Archive for urban legend

Fragment from THE NIGHT SHADOWS REPORT: Gates to Hell

Posted in Original Writing with tags , , , , , , , , on September 26, 2017 by smuckyproductions

Another fragment from THE NIGHT SHADOWS REPORT – the rewrite is nearing its end, but this page comes from the story’s start. Musings on popular urban legends that, while eerie in their own right, mask the true horror that they imply. 

Junior year of high school I got a little obsessed with Gates to Hell. Our lovely country has its fair share, so the urban legends suggest. Always threatened to go on a road trip and visit each of them, oil lantern and book of psalms in hand. Never found anyone who wanted to go with me.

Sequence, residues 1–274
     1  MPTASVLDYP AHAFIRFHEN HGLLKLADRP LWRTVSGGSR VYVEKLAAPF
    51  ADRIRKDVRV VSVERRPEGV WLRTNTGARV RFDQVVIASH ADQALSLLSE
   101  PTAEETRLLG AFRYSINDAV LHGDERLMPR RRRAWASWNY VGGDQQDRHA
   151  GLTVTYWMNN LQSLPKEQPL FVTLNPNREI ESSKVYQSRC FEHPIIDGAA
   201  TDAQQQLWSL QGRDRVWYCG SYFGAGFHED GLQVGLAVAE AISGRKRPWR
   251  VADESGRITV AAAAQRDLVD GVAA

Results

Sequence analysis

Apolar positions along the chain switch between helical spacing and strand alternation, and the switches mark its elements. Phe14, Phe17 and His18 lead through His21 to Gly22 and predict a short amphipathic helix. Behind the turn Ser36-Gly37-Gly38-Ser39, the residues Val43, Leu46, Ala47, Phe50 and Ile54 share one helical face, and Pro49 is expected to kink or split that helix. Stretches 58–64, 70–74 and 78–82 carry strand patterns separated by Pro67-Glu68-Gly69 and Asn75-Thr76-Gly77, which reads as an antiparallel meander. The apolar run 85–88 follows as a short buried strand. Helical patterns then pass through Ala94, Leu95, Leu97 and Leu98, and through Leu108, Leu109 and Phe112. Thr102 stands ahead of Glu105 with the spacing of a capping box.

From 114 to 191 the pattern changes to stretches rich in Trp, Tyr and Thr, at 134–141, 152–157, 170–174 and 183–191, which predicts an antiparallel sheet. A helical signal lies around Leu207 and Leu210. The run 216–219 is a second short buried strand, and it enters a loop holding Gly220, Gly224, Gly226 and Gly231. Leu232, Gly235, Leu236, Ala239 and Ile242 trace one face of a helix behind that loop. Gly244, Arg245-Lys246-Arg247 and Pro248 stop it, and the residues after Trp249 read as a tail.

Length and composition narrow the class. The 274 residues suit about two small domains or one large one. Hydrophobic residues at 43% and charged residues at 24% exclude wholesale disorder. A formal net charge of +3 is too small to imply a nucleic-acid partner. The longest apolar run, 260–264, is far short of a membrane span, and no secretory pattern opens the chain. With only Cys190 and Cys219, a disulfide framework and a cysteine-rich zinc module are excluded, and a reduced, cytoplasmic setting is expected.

There’s some good ones out there, anyway. The residents of Clifton, New Jersey, for example, believe that a tunnel system below their fine town burrows into the fiery pit itself. The further you go, the closer you get to the Devil – but you might not find your way out. Pennsylvania has several, maybe thanks to those good-hearted Quakers. In Downington, a father murdered his family and opened a door through which supernatural beings descend. Luckily for the locals, they can’t come back up. York has not one, but seven. Step through the first and the other six will appear, but no one has made it past the fifth without losing their minds. Even Kansas has one, not that they’re much else to do out there but talk to demons. Residents of Stull warn against (mostly in vain) staying overnight in their old cemetery. If you’re brave enough to try, you might lose sense of time, and hear the terrible echoes of past ritual sacrifices made on the dead ground. Those who can steel their nerves against these sensory assaults might see the gates open – but local law enforcement is not liable for those who decide to go through.